What can we be praying about in regards to your trip?

Please pray that we can find way to handle what we will see in the camp. We both were required to complete training related to serving traumatized individuals and there were times where we both became very emotional. The reality is that this is going to be hard, and we need strength – physically, emotionally, and mentally.

What’s the best way to stay in contact with you?

We will have some access to cell phone service, but we will mostly be using WhatsApp Messenger to communicate with family and friends. We will also be able to check email while we are in Europe, so if you want to check in on us, feel free to send us emails at sharro1024@gmail.com or tharro91@gmail.com.

How can we get updates on your work?

I will be resurrecting the blog address that we used while we were in China two years ago, so please be checking that. My goal is to write a blog post once a week during our summer, so it will be a mix of refugee camp and vacation updates, but I’m hoping to include pictures as well! As always, you can always check my instagram to view all our meals…and the landscapes that we will be taking in.

Thank you for supporting us and praying for us!

Love, Tim and Sarah Harro

 

Fellow Americans!

Today is our last day to spend with an American family until we return to America. We met them when they were visiting Boston almost two years ago, and we have become much closer friends with them this week. It is so refreshing to talk with American believers after a month of isolation in Wenzhou!

We have had a lot of fun with their kids. We went on a bike ride to see their local school. Sarah is reading with the girls for home school, and I am doing an intensive drum camp for their eight year old boy. Tonight, we will be taking care of them for date night.

The adult conversation has given us a window into a model lifestyle fifteen years ahead of us. We have learned about transitioning from America to overseas. We have learned some details about literacy development for minority groups. We have learned about specific challenges and advantages for families overseas and the value of teamwork. It’s been nice to process these topics, our experience in Wenzhou, and other questions with such great people.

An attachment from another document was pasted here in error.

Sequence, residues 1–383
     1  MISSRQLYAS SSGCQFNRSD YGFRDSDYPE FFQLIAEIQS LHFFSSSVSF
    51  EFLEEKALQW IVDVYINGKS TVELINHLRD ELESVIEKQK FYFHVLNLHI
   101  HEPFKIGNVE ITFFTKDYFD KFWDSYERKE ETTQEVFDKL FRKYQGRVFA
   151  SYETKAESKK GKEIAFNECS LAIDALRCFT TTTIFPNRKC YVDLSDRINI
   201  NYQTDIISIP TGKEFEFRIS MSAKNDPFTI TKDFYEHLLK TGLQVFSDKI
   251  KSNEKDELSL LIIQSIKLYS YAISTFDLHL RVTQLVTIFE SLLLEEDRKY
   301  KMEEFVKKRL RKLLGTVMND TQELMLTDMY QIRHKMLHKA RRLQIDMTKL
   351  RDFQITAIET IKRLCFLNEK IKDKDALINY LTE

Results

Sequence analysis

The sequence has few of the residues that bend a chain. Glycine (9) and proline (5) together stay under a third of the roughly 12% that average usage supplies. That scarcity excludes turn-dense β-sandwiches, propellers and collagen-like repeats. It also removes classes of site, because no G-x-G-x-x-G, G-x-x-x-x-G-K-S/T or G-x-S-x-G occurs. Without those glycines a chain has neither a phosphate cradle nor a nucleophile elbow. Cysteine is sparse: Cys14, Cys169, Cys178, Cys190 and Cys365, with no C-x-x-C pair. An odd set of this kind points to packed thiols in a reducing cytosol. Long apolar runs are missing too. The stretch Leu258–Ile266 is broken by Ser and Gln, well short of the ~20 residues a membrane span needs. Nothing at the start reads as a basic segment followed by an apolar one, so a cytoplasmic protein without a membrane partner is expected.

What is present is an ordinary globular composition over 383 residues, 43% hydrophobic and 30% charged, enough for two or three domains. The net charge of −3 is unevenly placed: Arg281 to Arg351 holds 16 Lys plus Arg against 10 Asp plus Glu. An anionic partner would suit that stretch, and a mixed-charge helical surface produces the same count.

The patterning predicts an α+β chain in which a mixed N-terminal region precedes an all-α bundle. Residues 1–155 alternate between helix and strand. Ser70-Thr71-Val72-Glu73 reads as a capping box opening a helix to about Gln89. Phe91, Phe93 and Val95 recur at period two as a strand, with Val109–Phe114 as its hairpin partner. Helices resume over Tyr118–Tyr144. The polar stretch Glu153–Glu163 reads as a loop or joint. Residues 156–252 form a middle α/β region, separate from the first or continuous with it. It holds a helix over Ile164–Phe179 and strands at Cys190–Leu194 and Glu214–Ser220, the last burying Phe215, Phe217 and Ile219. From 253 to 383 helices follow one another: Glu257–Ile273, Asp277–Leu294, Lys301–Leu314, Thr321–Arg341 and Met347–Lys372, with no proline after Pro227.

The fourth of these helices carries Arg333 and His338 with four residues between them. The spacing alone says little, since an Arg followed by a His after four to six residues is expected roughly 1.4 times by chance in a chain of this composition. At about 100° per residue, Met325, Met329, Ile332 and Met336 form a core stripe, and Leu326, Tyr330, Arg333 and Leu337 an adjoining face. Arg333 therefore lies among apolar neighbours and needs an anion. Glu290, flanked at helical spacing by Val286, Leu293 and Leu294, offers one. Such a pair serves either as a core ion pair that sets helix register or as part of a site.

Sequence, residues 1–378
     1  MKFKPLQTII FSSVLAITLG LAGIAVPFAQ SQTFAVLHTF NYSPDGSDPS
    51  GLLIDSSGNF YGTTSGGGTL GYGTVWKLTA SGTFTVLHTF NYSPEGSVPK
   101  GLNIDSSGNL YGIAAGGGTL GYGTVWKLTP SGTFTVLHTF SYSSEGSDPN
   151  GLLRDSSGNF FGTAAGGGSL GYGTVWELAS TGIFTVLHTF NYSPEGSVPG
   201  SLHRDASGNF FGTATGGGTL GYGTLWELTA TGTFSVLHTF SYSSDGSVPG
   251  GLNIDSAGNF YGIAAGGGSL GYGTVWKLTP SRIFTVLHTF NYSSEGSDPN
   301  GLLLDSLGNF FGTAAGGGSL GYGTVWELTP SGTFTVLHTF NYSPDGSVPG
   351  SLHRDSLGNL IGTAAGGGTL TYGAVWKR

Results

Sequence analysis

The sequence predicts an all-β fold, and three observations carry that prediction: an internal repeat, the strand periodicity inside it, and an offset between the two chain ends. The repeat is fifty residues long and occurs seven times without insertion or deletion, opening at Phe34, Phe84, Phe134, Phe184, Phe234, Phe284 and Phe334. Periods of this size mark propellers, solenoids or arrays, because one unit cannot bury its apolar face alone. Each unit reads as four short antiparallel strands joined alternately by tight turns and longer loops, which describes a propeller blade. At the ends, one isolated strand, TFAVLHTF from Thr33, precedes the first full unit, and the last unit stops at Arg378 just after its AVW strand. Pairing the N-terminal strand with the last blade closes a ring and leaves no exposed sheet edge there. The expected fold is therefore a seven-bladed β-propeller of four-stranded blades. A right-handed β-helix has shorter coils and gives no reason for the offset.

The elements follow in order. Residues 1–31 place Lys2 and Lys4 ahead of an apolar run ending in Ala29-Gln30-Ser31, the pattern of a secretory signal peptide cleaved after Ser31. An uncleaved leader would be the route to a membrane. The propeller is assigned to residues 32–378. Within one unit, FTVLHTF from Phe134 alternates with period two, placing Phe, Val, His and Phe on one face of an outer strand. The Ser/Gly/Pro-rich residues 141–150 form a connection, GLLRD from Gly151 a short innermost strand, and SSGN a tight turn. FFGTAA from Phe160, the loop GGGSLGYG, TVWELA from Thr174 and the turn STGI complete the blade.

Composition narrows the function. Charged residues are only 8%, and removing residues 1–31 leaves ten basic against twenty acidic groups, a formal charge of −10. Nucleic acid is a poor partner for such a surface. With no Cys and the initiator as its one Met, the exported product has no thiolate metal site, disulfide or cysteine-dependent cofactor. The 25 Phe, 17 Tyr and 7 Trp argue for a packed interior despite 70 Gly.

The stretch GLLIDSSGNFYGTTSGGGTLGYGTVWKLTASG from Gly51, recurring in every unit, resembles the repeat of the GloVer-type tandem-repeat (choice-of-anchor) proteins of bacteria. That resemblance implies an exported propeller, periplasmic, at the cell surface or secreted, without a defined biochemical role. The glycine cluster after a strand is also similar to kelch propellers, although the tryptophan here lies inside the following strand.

From here our Asian adventure becomes a bit more touristy on this final week before flying home. We plan to hike in Tiger Leaping Gorge and the Stone Forest before flying northeast to Beijing for a tour of the Great Wall!

Homesickness

So today you get the opportunity to hear from both of us! The earlier post was Tim’s experiences, and this is mainly mine (although Tim has similar sentiments, maybe not to the same extent).

It’s been a long time since I’ve been really truly homesick, probably since one of my first years at college. I felt it last week and it turned me emotional very quickly. As I was getting ready for work, I broke down into tears at the thought of working in an office where the primary language spoken is not my own and where in my teaching the target is always changing. Thankfully I have a husband who is a great listener.

See, although I am an introvert I love having friendly office banter and passing the long hours at a computer (when that’s my day, which it usually isn’t) by getting to know my coworkers and joking with them. That happens here,  and I so long to be a part of it, but my Chinese is no good. Like, really bad – I tried to say that I don’t speak Chinese to one of the parents today and they didn’t understand me. Plus listening to another language all day without understanding anything is exhausting. (I will go back to school this year being able to empathize with my newcomers. Now I just have to learn how to say all of this in Spanish!)